The elements communicated must be easily understandable. The codes, acronyms and abbreviations used must be explained (possibly through a glossary). For example, "Segmentation: A +" means that you are considered a VIP customer.

Limits of the right of access

The processing record manager can:

  • refuse the access request: in this case, he must justify his decision and inform the requester of the means and time limits for appeal.

  • Do not respond to requests that are manifestly unreasonable in terms of number, repetitive or systematic in nature (for example, requesting a full copy of a recording every week).

When the controller does not have any data on the person exercising the right of access (for example, the data has been deleted or the organization does not have any data on the person), he must reply to the requester within one month. The right of access must be exercised with respect for the rights of third parties: an employee of a company cannot obtain data relating to another employee.

Consent is an active, explicit and preferably written action by the user which must be free, specific and informed. In an online form, this can happen, for example, by a check box that is not checked by default. Consent is "prior" to the collection of data.

The prior consent of the data subject is required, in particular:

  • In the event of collection of sensitive data

  • Reuse of data for other purposes

  • Use of cookies for certain purposes

  • Use of data for electronic commercial prospecting

The right to object

People must be able to oppose the re-use by the person responsible for the file of their contact details for the purposes of solicitations, in particular commercial, when placing an order or signing a contract. A check box, not checked by default, should allow them to express their choice directly on the form or the order form to be completed. The mere mention of the existence of this right in the general conditions is not sufficient. Any person has the right to oppose, for legitimate reasons, the processing of their data, unless it meets a legal obligation (eg tax records).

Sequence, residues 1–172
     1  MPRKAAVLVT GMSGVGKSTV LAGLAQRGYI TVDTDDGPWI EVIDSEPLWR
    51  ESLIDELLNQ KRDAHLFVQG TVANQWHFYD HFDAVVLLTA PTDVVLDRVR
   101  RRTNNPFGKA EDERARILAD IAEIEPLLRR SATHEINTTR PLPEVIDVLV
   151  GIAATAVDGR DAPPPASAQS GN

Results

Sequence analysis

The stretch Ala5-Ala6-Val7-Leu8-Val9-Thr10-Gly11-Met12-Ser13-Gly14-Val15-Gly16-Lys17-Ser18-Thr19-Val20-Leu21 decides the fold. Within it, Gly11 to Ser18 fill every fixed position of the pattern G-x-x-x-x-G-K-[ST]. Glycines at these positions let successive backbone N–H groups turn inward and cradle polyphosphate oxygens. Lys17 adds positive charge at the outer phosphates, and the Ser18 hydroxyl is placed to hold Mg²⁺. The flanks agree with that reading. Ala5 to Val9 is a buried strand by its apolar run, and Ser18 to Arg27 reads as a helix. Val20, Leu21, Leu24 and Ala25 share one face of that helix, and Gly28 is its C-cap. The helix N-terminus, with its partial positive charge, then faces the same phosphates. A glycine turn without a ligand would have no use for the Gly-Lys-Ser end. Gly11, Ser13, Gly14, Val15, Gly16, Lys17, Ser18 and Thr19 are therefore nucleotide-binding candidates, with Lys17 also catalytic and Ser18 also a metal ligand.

The right of access and rectification

Anyone can, access to all the information concerning him, know the origin of the information concerning him, access the information on which the person in charge of the file relied to make a decision concerning him (for example, the elements which would have been used not to grant you promotion or the score assigned by a bank that led to the rejection of your credit) application), obtain a copy (fees not exceeding the cost of reproduction may be requested) require that his data be , as the case may be, rectified, supplemented, updated or deleted.

The right of portability

  • Data subjects may request to receive, in a structured, commonly used and machine-readable format, data concerning them which they have provided to a data controller.

  • Where technically possible, they may also request that this data be transmitted directly from one controller to another.

For more information